What is your process like when creating a new Polaroid piece, from concept to final product? Are there any particular challenges or advantages to working with Impossible and Polaroid Originals film?
The main part of my pictures are staged, but I try to take advantage of casual situations, if I have the chance to do so.
Inspiration can come from different sources: images of other authors, movies, music, everyday life, stories of friends. As I always say, it is our lived experience which transforms into images. Once I have the idea, I start with a small sketch where I imagine the final image and I make layout notes on lights, colors or positioning of the subject.
Then, I organize everything I need to shoot, taking care not to underestimate any aspect; unlike digital photography, taking pictures with Polaroid films has a high cost and I cannot afford to make too many attempts to get the desired result. If during the shooting phase, I see I am very far from the expected result, I totally change my approach and rethink the shot to avoid wasting a “fortune”.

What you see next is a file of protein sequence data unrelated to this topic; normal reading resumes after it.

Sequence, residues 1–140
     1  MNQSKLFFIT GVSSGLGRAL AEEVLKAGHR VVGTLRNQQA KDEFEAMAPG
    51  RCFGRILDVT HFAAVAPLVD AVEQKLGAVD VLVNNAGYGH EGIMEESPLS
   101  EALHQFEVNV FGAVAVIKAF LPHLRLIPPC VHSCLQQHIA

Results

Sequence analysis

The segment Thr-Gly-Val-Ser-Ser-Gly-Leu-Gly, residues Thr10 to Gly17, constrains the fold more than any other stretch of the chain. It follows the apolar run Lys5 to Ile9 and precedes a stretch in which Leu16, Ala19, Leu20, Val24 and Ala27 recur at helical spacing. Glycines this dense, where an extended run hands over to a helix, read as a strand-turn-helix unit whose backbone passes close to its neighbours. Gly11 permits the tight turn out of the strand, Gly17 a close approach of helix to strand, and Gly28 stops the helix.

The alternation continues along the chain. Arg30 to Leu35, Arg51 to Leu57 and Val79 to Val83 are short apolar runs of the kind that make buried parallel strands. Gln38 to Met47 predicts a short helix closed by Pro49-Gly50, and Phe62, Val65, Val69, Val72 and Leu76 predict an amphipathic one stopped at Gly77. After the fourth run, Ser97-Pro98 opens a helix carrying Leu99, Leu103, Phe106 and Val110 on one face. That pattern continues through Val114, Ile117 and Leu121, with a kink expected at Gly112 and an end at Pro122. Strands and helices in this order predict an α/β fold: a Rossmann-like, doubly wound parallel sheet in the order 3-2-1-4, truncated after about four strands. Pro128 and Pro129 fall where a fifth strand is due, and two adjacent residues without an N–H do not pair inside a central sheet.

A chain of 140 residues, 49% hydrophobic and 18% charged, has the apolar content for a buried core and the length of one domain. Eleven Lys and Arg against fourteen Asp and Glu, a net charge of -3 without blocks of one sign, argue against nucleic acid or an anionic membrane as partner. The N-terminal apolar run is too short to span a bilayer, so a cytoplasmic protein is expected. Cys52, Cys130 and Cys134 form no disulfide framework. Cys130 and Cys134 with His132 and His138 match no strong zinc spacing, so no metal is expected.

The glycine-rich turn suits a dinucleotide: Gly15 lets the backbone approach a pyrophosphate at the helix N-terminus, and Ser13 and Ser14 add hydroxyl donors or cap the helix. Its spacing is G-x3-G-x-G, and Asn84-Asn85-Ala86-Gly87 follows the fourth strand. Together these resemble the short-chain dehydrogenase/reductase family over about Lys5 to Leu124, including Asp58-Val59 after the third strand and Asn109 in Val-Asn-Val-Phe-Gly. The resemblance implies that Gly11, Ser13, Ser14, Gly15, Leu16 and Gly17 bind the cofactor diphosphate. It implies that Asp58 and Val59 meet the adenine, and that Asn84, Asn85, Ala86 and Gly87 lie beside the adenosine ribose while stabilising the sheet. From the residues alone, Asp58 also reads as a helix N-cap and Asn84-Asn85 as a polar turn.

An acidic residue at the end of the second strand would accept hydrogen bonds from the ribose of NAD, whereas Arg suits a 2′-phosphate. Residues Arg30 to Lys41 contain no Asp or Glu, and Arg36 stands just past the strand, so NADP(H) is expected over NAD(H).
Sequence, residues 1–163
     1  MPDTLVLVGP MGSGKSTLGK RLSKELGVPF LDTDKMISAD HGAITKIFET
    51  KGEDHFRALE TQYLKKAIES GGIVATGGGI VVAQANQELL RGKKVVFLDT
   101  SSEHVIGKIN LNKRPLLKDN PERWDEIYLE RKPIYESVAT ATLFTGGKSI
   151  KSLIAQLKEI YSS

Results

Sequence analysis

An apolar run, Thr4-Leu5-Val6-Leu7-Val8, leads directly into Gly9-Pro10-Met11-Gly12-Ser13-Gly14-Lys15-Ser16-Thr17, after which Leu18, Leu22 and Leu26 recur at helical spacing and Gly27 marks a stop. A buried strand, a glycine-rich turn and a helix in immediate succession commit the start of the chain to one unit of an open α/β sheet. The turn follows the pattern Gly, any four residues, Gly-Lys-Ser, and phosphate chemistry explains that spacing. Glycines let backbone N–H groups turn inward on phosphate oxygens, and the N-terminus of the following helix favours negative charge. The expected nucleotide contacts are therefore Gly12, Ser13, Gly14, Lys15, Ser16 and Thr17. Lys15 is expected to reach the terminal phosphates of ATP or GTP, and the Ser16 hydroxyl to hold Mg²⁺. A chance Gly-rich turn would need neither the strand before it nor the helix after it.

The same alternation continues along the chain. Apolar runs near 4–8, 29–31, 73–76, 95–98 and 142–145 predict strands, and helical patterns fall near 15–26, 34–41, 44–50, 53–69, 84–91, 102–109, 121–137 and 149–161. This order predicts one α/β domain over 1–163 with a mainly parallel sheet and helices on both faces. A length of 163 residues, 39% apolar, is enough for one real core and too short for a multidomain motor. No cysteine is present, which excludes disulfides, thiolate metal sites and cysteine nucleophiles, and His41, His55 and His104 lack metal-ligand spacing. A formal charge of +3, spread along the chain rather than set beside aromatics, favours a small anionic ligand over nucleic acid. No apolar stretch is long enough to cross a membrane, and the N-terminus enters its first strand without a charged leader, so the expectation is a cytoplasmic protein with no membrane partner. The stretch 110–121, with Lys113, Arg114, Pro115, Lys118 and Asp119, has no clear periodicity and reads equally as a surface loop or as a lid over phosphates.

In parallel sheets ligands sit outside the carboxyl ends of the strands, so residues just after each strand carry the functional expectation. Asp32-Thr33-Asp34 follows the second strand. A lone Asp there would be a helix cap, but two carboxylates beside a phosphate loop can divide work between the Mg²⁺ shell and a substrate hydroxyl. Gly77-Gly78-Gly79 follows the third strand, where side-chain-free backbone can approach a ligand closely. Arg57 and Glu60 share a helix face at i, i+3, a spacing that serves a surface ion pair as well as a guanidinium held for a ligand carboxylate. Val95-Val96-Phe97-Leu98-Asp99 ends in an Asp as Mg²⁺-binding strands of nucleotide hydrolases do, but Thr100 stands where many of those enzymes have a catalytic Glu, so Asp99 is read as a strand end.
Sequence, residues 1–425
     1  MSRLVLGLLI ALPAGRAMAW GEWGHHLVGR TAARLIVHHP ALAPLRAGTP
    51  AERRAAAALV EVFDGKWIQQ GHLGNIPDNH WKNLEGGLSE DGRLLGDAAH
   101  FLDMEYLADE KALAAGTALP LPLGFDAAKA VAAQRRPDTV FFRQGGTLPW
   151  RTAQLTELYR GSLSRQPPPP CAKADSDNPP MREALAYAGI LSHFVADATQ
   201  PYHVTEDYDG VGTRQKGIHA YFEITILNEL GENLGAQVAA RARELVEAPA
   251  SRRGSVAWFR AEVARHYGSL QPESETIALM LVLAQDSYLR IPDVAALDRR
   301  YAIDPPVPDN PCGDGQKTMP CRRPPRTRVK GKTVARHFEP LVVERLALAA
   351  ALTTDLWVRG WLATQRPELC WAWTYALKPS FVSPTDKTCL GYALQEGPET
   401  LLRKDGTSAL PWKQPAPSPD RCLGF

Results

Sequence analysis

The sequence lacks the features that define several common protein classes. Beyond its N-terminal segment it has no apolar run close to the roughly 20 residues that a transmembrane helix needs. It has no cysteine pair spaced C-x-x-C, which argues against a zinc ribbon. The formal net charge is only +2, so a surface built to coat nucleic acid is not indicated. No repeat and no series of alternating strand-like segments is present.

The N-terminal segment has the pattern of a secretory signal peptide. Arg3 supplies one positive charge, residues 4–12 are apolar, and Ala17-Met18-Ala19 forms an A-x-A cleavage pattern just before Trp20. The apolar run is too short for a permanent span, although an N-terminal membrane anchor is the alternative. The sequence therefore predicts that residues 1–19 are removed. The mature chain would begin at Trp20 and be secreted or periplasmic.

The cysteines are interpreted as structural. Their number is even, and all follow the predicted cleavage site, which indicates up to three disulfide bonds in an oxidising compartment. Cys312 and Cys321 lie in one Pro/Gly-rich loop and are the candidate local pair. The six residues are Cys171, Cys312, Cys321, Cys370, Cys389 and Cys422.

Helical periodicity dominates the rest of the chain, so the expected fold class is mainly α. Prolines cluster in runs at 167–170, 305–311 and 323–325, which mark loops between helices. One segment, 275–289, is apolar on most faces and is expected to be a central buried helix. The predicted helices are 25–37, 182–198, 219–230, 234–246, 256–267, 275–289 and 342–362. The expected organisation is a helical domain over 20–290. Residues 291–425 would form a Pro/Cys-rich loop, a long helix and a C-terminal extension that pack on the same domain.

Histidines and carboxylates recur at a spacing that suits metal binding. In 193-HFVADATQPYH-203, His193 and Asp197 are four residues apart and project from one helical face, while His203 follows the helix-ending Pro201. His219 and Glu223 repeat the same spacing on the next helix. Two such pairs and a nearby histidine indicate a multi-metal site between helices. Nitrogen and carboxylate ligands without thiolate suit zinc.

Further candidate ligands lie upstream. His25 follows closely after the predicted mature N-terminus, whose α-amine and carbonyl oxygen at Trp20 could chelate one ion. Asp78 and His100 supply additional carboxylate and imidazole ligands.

Fortunately, with the experience acquired, I can almost always reach what I had in mind, even if when you take pictures with Polaroid you can never really know how the final shot will be until the development phase is over. This aspect of unpredictability is one of the other characteristics that I love about this medium, which creates an important parallel with our lives. We can try hard to program things, but sometimes events are out of our control and can totally change the direction we were aiming for; this gearbox can be negative and take us to failure, but it can also unexpectedly be positive, making us reach great results.